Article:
But Nelson cannot do it alone. It "takes a village" of activated stakeholders committed to one another's mutual success to shore up sustainable and healthy community change. For his "market makeover" project, Nelson has quite a team behind him: the principal, teachers, and student leaders from nearby Hawkins High School; a brand strategist, architect, and graphic designer affiliated with food retail firm Shook Kelley; community development practitioners from Leadership for Urban Renewal Network; food policy friends at the LAFPC; nearly 200 backers through an online crowd-sourced Kiva Zip loan, and the support of local Councilmember Curren Price. Perhaps most critical for the long-term success of Nelson's efforts is that several neighborhood institutions have committed to regularly buy healthy food from Alba Snacks & Services. Nearby Hawkins High School, St. John's Well Child and Family Center, Southern California Library and Voice Neighborhood Council have become "Good Food Neighbors" to Alba Market and will promote the new healthy food products now available to their students, patients and constituents. Hopefully, this mutual commitment between Nelson and his local neighborhood organizations will prove "fruitful" for the longevity of his market makeover project, resulting in even more fresh produce offerings.
4. Provide health resources
The grand opening on March 29 featured music, food, face painting, loteria, dance performances, youth-led workouts, and raffles. Several workshops throughout the day focused on "smart snacking," because Nelson's store is the snack mecca for the dozens of junior and senior high school students who swarm the store every afternoon, eager for a quick bite. Up until now, kids would line up out the door for the array of sugary, salty, and processed "junk" snacks that made of the bulk of the store's offerings. Now, students looking for a grab-and-go bite can reach for a tangerine, bananas, yogurt, trail mix, baggies of apples or carrots, healthy breakfast, or protein bars. As part of the transformation, Nelson plans to continue offering health resources and nutritional information to help residents make healthier food choices. Additionally, the "Community Zone" inside the store offers computers for students to do homework and space for community meetings. To help with these changes, Nelson recently hired two more employees, increasing the number of jobs in this community.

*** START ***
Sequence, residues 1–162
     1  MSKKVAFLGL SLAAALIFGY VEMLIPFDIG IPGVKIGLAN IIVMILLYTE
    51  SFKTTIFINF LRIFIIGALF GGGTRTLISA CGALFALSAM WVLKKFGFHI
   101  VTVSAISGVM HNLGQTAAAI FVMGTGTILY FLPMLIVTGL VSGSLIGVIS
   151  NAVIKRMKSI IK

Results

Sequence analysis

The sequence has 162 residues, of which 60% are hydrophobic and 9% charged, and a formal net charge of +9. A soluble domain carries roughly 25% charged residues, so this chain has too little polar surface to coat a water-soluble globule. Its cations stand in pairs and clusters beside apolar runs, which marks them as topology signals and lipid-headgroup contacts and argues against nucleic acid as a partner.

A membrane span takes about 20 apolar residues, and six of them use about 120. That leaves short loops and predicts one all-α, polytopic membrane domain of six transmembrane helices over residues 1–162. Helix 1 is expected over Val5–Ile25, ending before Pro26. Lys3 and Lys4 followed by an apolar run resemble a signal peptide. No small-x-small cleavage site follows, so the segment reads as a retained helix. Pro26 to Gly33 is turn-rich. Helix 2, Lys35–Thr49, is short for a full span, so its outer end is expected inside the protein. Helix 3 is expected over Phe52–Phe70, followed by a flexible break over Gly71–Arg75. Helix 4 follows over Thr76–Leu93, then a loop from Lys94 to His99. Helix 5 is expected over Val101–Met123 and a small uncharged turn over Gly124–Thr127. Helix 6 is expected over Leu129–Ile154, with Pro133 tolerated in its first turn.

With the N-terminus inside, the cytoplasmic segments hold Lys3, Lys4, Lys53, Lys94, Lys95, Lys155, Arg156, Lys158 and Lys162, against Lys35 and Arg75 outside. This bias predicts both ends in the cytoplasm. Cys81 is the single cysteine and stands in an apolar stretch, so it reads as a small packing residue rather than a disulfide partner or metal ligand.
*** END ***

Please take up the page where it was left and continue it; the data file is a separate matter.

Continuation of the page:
5. Live the Plan for a Healthy Los Angeles
The draft Plan for a Healthy Los Angeles identifies the need to expand access to healthy food and promote sustainable local food systems as a key aspect of addressing health disparities across the city. The draft Plan calls out as an objective for the City of Los Angeles "to increase the number of corner neighborhood stores in low-income and underserved areas that offer a substantive supply of fresh fruits and vegetables." The Grand Re-opening of Nelson's store as Alba Snacks & Services brings to life this policy objective. His market makeover project can serve as a demonstration project of how to creatively transform the existing food landscape in South Los Angeles, and therefore inform the kinds of policies and resources that could be included in the Plan for a Healthy Los Angeles and beyond. The Plan will be a valuable blueprint for how city leaders tackle the major health inequities seen across Los Angeles. Real-time examples like Nelson's store conversion project highlight the immense opportunities to invest in the existing resources of underserved communities, to catalyze increased healthy food access and improve residents' chances of health.